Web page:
Immigration And Naturalization Act Of 1965, America, And The Film Children Of Invention
2120 Words9 Pages
Within the United States, the attitude towards Asian American immigrants have changed from being seen as a menace to society to becoming praised as the model minority. Under the Immigration and Naturalization Act of 1965, the United States was looking to accept model immigrants by prioritizing those with higher education and desirable skills for the workforce. This immigration policy caused an influx of middle to upper class Asian immigrants to come to the United States, which is the root for the model minority stereotype that is attached to the Asian American community. Yet, the idea of being the model minority does not extend to all Asian immigrants especially those who came to the United States seeking refuge from various conflicts such as the Vietnam War. Thus, the model minority myth is damaging for the Asian American community because it ignores those who do not fits this stereotype which is reflected in Erika Lee’s book, The Making of Asia America, and the film Children of Invention.
Due to the sheer diversity of Asian Americans, it is unfair to generalize this group as successful individuals that other minoritized groups should idolize. The media purposely reports about the fact that “[m]ost Asian Americans (49 percent) have college degrees compared with all other U.S. adults (28 percent)” (Lee 376) as well as their ability to “[outscore]outscored other racial groups on the math portion of the Scholastic Aptitude Test (SAT) year after year” (Lee 376). These types of discussions causes people to believe that all Asian Americans succeed academically, which perpetuates the model minority stereotype. Considering the fact that other minoritized groups have negative stigmas, some may argue that Asian Americans should appreciate...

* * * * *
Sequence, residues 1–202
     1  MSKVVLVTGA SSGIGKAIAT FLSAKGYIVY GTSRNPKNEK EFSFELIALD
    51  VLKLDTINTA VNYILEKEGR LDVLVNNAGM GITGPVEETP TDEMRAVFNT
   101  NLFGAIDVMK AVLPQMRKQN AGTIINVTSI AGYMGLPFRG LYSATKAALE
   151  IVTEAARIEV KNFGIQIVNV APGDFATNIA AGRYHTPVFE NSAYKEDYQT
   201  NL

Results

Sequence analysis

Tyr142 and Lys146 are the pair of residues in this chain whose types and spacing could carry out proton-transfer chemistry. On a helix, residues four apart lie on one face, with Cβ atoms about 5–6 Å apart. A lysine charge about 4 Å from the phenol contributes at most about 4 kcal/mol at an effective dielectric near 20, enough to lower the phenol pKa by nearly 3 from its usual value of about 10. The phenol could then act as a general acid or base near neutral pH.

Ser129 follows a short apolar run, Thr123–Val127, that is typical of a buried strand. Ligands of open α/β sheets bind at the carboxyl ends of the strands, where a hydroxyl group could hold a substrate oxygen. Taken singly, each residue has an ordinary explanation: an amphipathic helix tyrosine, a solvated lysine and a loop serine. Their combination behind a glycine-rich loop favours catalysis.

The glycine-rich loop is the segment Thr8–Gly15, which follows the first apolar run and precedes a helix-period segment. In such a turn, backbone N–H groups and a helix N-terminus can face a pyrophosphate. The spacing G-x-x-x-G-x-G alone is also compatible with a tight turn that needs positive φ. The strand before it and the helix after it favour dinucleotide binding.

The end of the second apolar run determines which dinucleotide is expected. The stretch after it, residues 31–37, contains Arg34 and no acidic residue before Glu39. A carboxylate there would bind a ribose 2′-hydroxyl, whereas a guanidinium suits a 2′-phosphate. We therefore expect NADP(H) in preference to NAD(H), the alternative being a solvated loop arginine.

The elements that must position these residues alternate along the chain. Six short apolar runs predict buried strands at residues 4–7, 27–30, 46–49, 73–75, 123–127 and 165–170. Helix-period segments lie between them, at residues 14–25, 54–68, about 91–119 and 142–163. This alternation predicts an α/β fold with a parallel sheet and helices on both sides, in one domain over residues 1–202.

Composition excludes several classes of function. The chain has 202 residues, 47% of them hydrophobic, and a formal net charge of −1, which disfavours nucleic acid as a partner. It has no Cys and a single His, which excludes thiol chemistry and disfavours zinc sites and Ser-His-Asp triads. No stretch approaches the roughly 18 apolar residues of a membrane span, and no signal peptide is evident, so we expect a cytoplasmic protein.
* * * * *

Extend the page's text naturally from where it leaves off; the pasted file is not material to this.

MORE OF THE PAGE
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...fit this stereotype they become labeled “bad workers” or “dangerous people” who need to be deported.
The model minority stereotype negatively impacts the Asian American community because it unfairly focuses on the academic success of this group, which undermines the hardship and threats of deportation that these people face. Through her book, Erika Lee highlights how the Asian American community is disproportionately represented on both sides of the socioeconomic spectrum. While more Asian Americans have college degrees when compared to the total U.S. population, there are also more of them living below the poverty line which is the situation reflected in the film Children of Invention. Instead of praising this group for supposedly achieving the American Dream, the United States needs to change its immigration policies to better accommodate refugees and immigrants.